Proponents(speaking over the judge as if he is not there): The gays are marrying in CA! The gays are marrying in CA! (a woman faints in the background to great lamentations from the crowd carrying signs, but no one helps her) Here is our request for a stay. It is imperative that a stay pending appeal be entered on or before August 18, 2010 at 5 p.m. to avoid the confusion and irreparable injury that would flow from the creation of a class of purported same-sex marriages. You must act quickly or this civilization will never be the same! (Hands the judge the papers) Sign here. NOW!

Judge: Still confused and still believing he might be in a battle scene, visually confused and frazzled signs the paper and hands it back.

Proponent No. 2: Thank you judge, you just save marriage and this country. (screams) On to the battle field!

The crowd: (yells back): Yeah!

(the judge jumps to the side of his desk, as if looking for cover, still holding the “air rifle” and looking wildly to both sides to see where the enemy is coming from this time)

The crowd turns and exits marching while chanting slogans like “Let’s save marriage”, “Hey hey, ho ho, same sex marriage’s got to go” and others as they feel inspired.

Lights deem, curtains slowly starts to fall.

Lindoro Almaviva

August 13th, 2010

They were able to actually fill 93 pages?


August 13th, 2010

Their witnesses should be subpoenaed and FORCED to testify. This bullshit of them voluntarily dropping out and then claiming that their testimony would have changed the results had only they presented it is outrageous.

If we ever have this to do over again we should force their witnesses to take the stand and present their testimony and then see how it stands up under oath and under cross. Each and Every time this happens, our side wins. The best that the other side can hope for is for witnesses to back out, not testify or be cross examined yet claim victimhood. It’s yet another shameless tactic used by attorney’s who are defending the indefensible. We MUST call their bluff at every turn.


August 13th, 2010

It’s a joke to refer to “legislative facts.” Those are the facts that a legislature discusses and relies on in passing laws the normal way — the reams of testimony, reports, and speeches that go into passing just about any law. Normally, a judge would look at these documents to determine the legislature’s purpose in passing the law in order to determine whether there was a rational purpose. But when you have an initiative like this, there are no legislative facts — so the only way for a judge to evaluate the purpose of the law is to consider testimony and other evidence at trial.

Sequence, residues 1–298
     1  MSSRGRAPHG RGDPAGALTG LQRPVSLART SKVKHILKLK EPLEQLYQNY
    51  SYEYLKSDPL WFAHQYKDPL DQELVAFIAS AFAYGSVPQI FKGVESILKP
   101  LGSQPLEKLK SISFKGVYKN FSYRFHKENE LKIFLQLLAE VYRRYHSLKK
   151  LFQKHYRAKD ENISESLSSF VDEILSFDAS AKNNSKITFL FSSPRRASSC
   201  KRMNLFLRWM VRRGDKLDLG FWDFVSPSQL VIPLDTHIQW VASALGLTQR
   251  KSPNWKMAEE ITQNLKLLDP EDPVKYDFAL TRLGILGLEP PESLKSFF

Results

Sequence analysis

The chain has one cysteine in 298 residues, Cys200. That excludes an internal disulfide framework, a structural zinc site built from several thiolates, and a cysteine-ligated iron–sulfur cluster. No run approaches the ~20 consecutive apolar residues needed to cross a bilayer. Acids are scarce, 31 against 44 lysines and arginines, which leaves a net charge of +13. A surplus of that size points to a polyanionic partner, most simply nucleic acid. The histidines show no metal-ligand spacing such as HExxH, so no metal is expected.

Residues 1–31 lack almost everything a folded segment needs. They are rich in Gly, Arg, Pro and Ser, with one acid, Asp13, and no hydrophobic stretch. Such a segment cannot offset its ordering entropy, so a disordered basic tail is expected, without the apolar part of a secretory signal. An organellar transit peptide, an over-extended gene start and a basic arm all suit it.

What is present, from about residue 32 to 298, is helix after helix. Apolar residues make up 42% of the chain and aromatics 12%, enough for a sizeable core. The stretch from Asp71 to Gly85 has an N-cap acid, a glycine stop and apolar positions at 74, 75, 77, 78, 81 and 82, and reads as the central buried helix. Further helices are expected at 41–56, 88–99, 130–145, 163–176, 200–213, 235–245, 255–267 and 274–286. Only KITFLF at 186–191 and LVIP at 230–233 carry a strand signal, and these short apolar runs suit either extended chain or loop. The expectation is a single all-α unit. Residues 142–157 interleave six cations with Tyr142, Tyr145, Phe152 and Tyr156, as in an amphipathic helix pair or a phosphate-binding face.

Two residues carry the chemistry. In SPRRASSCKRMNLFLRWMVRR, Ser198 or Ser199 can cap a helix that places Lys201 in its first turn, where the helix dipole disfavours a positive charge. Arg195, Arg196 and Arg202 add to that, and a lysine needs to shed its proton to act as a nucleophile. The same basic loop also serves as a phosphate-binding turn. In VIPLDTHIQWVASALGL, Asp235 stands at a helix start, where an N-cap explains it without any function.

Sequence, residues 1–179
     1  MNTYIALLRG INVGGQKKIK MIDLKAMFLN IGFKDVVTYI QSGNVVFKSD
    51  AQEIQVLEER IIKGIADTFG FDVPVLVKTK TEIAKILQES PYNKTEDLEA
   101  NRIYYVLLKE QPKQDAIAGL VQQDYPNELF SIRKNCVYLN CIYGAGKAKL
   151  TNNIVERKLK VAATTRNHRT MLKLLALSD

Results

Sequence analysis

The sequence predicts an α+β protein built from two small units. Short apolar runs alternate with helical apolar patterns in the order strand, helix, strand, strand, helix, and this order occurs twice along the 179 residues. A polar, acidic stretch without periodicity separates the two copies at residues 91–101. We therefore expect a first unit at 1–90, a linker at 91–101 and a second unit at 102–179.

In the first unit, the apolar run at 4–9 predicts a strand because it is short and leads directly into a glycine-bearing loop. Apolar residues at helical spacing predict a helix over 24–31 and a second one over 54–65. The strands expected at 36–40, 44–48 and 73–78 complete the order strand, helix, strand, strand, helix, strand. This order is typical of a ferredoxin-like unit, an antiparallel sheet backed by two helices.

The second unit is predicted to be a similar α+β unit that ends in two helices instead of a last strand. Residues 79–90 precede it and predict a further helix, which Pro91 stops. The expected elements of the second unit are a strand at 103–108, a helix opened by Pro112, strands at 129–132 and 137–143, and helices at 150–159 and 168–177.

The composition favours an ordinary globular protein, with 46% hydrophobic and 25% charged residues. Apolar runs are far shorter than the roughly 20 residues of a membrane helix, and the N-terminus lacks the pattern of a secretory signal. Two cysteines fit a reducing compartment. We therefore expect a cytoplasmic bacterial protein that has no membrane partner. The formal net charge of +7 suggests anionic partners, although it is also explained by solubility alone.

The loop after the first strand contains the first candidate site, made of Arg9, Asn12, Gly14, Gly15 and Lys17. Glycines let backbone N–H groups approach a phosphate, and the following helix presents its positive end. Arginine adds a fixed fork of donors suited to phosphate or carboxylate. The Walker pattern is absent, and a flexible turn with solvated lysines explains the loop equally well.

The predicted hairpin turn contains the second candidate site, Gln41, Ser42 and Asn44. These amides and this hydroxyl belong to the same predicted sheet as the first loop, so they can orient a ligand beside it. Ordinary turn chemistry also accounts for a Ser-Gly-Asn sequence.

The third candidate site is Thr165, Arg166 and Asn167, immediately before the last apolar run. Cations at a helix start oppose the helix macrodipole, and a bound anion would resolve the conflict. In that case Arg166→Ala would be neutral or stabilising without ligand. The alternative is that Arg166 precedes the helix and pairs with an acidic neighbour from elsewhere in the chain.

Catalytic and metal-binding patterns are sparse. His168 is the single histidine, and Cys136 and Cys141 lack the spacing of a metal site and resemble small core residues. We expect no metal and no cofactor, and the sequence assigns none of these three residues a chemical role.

August 13th, 2010

Every single Gay couple affected by Prop 8 and the appeal should sue each of the plaintiffs for damages; emotional harm, financial harm, etc.

That would be justice served on them.


August 13th, 2010

It looks as though Proponents are still whining about what cases are controlling.


August 13th, 2010

A copy of the stay request can be seen here:

It’s amusing- they’re basically trying to relitigate the case now that they’ve seen and assessed the plaintiffs’ case. I guess they’re trying to earn their retainer for real now.

It amounts down to:
1) Baker (1972) is binding precedent because courts in the past didn’t make mistakes
2) marriage is what people like us in government official positions say it is and want it to be, and said in the past
2a) we have no argument other than procreationism, which is incoherent, but we don’t care
3) marriage rates continued to drop in Netherlands; legalization of gay marriage must be to blame
4) Californians are obviously against gay marriage by majority and this majority is so offended by the overturn of Prop 8 that it’s objectively harmful somehow- hey, we might riot in the streets
5) did we mention that civilization will collapse if this is permitted to stand? Because us Religious Rightists worldwide are going to throw in the towel on it soon if we don’t special protections for our particular barbarisms.

It’s Argument From Authority And Privilege, v2.0.

It’s not really worth the effort to refute. But I would point out re 2) that it’s a commonsensical and wise Quaker teaching that a condition of marriage between two people is not actually created by, nor does it require, public pledging or approval ceremonies (aka solemnization) or government certifications to be real. These are only public acknowledgments of a preexisting condition. Re 4), the best model of SSM support in the Californian electorate imho shows that right around now the support has reached the 50.0% mark. And people like Chuck Colson are starting to talk code about Religious Rightists needing to engage in public acts of psychological, maybe even physical, violence so that government officials “really hear our concerns”.


August 13th, 2010

Those wouldn’t be purported same sex marriages. They ARE same sex marriages, and California already has thousands of them, so to say that more damage could be done is stupid.


August 13th, 2010

So what is the real reason of having a marriage certificate. Is it to prove you are married or for the states to make some more money and keeping track of people?

Is it a requirement to have one to be considered married?Did our fore fathers have one to prove they were married?